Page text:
simply say it is hazardous vs. you must test your waste.
Because the environment is becoming a bigger and larger part of the
world's focus, maybe the EPA should consider having an "EPA
Consultation" Branch/Division in the same manner as the "OSHA
Consultation" Branch.
Require delegated program States to make determinations & provide a
responsive answer (not just respond saying that they are working on it),
in writing, within 15 calendar days of an information request related to
RCRA waste determinations.
Provide electronic copies of all forms, State and Federal.
Users are afraid to involve regulators.
Provide data where other facilities have failed to meet the expectations
of HW determinations. Include references and finding discussions.
Provide competent State regulators.
DO NOT OVER REGULATE!
Make sure that hotline person has a broad range of knowledge.
Stakeholder Category
State Regulator
Assistance Provider
Waste Services Provider
Industry Representative
Recommendation Type: Simplify the regulations
in general
Recommendation
Simple - plain English regulations.
Re-write the regulations and make them simpler.
Revise archaic regulations.
Simplify regulations - give waste classifications by NAICS
code.
11

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Stakeholder Category
Industry Representative
HW Generator
County Regulator
HW Generator
HW Generator
HW Generator
Industry Representative
Industry Representative
Federal Representative
Industry Representative
Federal Facility
Representative
Federal Facility
Representative
Recommendation Type: Simplify the regulations in general
Recommendation
Simplify and streamline the regulations.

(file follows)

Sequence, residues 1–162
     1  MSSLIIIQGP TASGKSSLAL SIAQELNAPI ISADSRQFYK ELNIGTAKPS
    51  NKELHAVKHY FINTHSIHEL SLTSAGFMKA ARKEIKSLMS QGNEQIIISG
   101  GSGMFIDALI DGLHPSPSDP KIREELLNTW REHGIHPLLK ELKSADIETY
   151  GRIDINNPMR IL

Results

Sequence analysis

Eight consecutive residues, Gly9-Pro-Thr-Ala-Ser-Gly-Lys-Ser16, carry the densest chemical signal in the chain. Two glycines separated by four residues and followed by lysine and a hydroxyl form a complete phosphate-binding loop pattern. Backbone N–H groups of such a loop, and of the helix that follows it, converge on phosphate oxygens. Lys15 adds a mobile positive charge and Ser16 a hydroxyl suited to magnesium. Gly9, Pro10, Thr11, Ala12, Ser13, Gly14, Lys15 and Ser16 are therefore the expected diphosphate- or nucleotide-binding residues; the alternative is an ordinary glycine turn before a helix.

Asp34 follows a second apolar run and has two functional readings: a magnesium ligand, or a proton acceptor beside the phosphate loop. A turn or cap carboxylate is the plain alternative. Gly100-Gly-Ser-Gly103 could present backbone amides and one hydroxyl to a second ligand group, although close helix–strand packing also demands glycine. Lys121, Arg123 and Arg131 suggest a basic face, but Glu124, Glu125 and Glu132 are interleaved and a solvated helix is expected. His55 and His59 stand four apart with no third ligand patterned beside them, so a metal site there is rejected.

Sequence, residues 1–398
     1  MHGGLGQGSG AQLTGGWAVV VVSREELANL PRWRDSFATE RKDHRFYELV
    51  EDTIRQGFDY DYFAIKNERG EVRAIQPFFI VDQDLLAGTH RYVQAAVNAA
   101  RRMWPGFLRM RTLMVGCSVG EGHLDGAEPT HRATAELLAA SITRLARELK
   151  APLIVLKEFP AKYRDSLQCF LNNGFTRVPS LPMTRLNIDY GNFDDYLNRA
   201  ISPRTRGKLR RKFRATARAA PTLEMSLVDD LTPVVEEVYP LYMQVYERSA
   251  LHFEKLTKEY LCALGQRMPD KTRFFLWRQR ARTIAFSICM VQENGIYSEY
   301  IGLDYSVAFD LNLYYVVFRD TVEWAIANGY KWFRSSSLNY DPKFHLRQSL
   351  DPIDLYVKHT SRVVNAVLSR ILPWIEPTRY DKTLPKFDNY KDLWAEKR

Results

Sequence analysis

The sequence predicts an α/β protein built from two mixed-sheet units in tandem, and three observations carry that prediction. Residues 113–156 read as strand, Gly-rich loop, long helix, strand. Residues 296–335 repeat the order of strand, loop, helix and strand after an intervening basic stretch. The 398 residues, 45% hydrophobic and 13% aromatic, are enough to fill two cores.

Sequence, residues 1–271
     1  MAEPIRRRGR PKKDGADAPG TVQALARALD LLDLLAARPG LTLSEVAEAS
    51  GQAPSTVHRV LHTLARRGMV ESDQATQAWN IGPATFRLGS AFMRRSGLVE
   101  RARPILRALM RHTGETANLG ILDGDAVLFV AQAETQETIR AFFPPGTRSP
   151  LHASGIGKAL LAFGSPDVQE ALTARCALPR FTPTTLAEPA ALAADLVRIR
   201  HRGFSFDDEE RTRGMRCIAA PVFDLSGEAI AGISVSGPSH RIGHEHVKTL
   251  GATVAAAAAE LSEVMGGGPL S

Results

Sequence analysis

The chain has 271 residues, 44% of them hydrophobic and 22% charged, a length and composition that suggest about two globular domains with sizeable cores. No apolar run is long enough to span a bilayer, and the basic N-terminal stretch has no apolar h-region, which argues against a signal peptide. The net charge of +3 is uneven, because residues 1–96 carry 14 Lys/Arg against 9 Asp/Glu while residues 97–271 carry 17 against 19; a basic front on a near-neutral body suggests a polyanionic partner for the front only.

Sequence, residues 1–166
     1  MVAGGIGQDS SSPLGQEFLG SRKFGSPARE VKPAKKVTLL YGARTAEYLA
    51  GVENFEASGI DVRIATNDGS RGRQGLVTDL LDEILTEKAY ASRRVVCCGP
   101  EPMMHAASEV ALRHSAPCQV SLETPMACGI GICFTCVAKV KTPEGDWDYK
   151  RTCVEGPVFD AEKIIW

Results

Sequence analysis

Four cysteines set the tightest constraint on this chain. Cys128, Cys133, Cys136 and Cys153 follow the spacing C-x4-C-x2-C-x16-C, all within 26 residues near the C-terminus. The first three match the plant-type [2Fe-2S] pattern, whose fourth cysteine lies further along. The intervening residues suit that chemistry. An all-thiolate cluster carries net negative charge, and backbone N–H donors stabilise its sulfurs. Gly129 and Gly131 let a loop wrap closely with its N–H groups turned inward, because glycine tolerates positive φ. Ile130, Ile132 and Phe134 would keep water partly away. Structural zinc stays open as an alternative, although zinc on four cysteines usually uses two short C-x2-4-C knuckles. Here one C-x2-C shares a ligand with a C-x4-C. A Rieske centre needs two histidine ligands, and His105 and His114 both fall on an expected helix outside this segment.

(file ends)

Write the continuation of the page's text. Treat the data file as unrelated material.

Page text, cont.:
The archaic parts of RCRA rules need to be reviewed. Some of them are
derived from a rule that has no place as a regulation, like the listings
we've talked about. Simplicity is a much better answer. You would get a
lot better compliance.
Regulate waste determination of materials independent of their use
(i.e. product vs. waste).
Beneficial reuse should be encouraged, but don't make it too
complicated because it becomes a RCRA2 and people have two sets of
regulations to memorize.
Make the regulations more linear - in terms of how they are written.
Base how waste is treated on where it is going. If going to a cement
kiln, treat this way. Group wastes by the analysis they need.
The whole hierarchy needs to change, not just determination. Start with
what is a waste, take a flow chart type approach; is it a waste or not a
waste. Although that seems very simple, that's been very convoluted.
Then you move into the determination of is it a hazardous waste or a
non-hazardous waste. Then you have probably ten areas of things that
are technically hazardous waste but if you do work with them they're
not hazardous. All of that needs to be clarified and streamlined.
Streamline the regulations.
Put regulations into plain English.
Re-write regulations, making them less vague.